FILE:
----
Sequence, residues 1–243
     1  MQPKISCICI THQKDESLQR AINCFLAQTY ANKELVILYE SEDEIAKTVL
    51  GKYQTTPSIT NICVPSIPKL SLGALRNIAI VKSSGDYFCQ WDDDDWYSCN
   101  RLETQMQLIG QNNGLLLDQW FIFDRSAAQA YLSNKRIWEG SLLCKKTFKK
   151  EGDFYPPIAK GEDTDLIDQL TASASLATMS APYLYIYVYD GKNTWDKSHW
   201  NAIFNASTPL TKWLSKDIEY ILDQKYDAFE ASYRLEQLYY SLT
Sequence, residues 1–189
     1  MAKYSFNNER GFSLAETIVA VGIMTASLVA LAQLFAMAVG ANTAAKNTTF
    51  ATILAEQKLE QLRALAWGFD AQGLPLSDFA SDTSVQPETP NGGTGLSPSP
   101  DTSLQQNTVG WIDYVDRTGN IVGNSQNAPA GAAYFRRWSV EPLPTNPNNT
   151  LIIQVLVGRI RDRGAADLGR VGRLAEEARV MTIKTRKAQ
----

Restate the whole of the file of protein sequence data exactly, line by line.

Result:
Sequence, residues 1–243
     1  MQPKISCICI THQKDESLQR AINCFLAQTY ANKELVILYE SEDEIAKTVL
    51  GKYQTTPSIT NICVPSIPKL SLGALRNIAI VKSSGDYFCQ WDDDDWYSCN
   101  RLETQMQLIG QNNGLLLDQW FIFDRSAAQA YLSNKRIWEG SLLCKKTFKK
   151  EGDFYPPIAK GEDTDLIDQL TASASLATMS APYLYIYVYD GKNTWDKSHW
   201  NAIFNASTPL TKWLSKDIEY ILDQKYDAFE ASYRLEQLYY SLT
Sequence, residues 1–189
     1  MAKYSFNNER GFSLAETIVA VGIMTASLVA LAQLFAMAVG ANTAAKNTTF
    51  ATILAEQKLE QLRALAWGFD AQGLPLSDFA SDTSVQPETP NGGTGLSPSP
   101  DTSLQQNTVG WIDYVDRTGN IVGNSQNAPA GAAYFRRWSV EPLPTNPNNT
   151  LIIQVLVGRI RDRGAADLGR VGRLAEEARV MTIKTRKAQ